The Outrageous Tales of a Space Shuttle Astronaut
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"In chilling detail, Mullane re-creates the final moments inside the Challenger…"
"This book is about extraordinary achievements by a person who claims not to be gifted…"
Riding Rockets by former astronaut Mike Mullane is a timely release. Mullane claims in his memoir that the astronauts and teacher aboard the Challenger twenty years ago, as well as those in the Columbia disaster three years ago, could have survived if not for NASA’s “deplorable leadership” and “needless risks.” He states that he felt comforted by the fact that the death of those on board the Challenger was “mercifully quick.” But when NASA’s investigation was complete, it became clear to him that the passengers were conscious for two and a half minutes during its descent to earth and not the thirty seconds NASA officials maintain.
In chilling detail, Mullane re-creates the final moments inside the Challenger before it crashed into the ocean and suggests its passengers could have survived if NASA had installed an in-flight escape system. When John Glenn and Neil Armstrong flew into space their capsules included escape rockets and parachutes. But the “new shuttle era” possesses “no in-flight escape system whatsoever.”
Mullane was selected on February 1, 1979 with thirty-four others to become the first astronauts of NASA’s space shuttle-era. He tells his story in a conversational style, as if sitting on the porch looking up at the stars in his hometown of Albuquerque. He recounts how he built and fired rockets in New Mexico when he was a young man, and how as a teenager he flew solo into the 600-foot-deep Rio Grande River Gorge. He is candid about his infatuation with fellow astronaut Judy Resnik who died aboard the Challenger. He is also candid about his selfishness, his sexist attitude against female astronauts and his personal guilt for not disclosing the deficiencies in NASA’s shuttle program.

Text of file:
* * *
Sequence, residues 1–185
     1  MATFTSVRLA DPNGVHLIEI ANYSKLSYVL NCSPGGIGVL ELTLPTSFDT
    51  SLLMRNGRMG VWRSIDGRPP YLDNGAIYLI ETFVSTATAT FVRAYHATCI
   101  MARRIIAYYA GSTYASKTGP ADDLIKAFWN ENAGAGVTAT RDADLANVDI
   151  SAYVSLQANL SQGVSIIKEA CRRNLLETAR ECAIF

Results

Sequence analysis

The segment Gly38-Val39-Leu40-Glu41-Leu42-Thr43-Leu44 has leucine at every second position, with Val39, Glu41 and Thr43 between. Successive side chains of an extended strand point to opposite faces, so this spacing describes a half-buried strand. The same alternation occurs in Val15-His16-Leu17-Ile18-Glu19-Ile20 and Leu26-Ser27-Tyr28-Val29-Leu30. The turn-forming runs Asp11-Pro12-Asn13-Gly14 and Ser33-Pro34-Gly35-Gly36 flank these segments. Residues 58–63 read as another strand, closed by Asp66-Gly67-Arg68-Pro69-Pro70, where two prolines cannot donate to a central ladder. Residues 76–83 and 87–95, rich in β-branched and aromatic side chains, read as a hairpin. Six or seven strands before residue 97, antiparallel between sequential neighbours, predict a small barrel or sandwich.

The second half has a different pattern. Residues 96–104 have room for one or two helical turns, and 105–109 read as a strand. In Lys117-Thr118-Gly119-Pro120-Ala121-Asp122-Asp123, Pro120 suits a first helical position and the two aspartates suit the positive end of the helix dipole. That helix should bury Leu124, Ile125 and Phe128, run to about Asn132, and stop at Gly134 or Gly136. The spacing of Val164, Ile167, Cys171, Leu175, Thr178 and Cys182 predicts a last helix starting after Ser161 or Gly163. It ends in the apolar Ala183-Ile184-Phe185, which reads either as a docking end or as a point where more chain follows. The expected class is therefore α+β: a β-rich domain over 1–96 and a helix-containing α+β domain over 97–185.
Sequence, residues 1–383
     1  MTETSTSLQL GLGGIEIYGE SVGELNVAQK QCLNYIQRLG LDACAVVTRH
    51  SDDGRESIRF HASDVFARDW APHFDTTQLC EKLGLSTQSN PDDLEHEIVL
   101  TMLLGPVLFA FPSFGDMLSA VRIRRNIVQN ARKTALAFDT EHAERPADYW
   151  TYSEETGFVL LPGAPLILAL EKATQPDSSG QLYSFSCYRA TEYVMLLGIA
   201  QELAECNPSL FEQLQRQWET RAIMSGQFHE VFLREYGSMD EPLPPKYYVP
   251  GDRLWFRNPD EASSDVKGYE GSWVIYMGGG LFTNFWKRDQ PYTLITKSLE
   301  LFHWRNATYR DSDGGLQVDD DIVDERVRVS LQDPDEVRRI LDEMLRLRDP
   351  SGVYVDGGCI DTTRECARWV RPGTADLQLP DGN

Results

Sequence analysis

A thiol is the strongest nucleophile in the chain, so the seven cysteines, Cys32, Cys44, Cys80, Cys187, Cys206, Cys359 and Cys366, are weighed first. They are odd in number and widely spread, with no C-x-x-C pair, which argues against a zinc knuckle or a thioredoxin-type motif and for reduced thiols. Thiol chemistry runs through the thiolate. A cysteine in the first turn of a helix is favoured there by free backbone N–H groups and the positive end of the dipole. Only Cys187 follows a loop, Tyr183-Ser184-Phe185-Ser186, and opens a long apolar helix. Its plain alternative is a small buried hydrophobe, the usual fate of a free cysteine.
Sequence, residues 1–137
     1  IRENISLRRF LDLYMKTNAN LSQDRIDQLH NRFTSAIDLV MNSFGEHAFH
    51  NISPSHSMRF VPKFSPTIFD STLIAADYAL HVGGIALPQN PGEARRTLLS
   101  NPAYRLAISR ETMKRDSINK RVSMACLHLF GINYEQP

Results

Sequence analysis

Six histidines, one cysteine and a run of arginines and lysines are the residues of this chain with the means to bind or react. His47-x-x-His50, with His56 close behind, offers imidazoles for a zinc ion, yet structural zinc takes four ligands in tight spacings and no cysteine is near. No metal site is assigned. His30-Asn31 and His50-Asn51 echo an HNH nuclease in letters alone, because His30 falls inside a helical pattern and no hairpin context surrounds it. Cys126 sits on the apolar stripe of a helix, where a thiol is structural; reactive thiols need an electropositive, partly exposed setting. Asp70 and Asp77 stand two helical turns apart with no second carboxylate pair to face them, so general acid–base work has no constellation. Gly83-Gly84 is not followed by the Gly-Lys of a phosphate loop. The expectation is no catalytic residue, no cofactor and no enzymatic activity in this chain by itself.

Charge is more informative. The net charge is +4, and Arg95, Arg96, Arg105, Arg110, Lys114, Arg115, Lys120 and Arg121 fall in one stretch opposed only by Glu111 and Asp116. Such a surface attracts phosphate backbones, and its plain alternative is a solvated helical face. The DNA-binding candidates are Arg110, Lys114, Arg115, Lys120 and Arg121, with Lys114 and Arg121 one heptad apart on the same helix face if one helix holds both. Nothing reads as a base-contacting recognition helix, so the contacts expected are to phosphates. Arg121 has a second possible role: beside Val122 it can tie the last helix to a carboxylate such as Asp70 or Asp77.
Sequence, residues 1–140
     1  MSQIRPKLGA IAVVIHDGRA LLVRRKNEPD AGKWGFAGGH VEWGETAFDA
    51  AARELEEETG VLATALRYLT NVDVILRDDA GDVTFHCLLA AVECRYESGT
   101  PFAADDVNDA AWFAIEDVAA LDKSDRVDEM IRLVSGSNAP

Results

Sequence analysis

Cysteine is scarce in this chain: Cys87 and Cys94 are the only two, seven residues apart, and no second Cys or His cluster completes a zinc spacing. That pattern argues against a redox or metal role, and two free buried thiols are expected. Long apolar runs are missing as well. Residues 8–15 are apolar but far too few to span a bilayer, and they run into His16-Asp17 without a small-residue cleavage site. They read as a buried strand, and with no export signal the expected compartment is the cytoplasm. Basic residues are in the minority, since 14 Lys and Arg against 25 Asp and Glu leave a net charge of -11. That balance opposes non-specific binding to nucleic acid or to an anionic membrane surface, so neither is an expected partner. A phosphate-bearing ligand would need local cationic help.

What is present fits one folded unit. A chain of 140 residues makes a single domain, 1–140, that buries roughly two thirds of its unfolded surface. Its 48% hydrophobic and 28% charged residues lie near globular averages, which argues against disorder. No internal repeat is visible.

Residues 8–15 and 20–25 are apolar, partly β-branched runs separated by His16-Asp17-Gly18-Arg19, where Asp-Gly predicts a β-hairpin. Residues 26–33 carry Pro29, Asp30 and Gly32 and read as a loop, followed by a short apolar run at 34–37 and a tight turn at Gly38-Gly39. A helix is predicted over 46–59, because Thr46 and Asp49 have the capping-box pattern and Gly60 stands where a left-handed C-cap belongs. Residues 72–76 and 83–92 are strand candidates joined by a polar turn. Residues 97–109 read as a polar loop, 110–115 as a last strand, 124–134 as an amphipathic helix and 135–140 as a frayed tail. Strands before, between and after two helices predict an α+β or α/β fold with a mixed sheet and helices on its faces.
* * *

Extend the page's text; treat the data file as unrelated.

This book is about extraordinary achievements by a person who claims not to be gifted; rather he claims he was motivated by the sheer determination to fly. Mullane flew in three space missions before retiring from NASA. His humorous narrative helps the reader experience the wonder of orbiting the earth and to understand complex, technical information about rockets and the space program.
I speculate that after the Columbia’s fiery destruction three years ago Mullane, who is currently a professional speaker on leadership, decided to release a book about NASA’s weaknesses and flaws in time for the Challenger’s disaster twentieth anniversary. In the epilogue, Mullane points to the Columbia’s investigative report that “read remarkably like the Challenger report.” He claims the seven-person crew in the Columbia could have survived if NASA had not decided against a space walk to the Atlantis shuttle.
Reviewer: Kate Padilla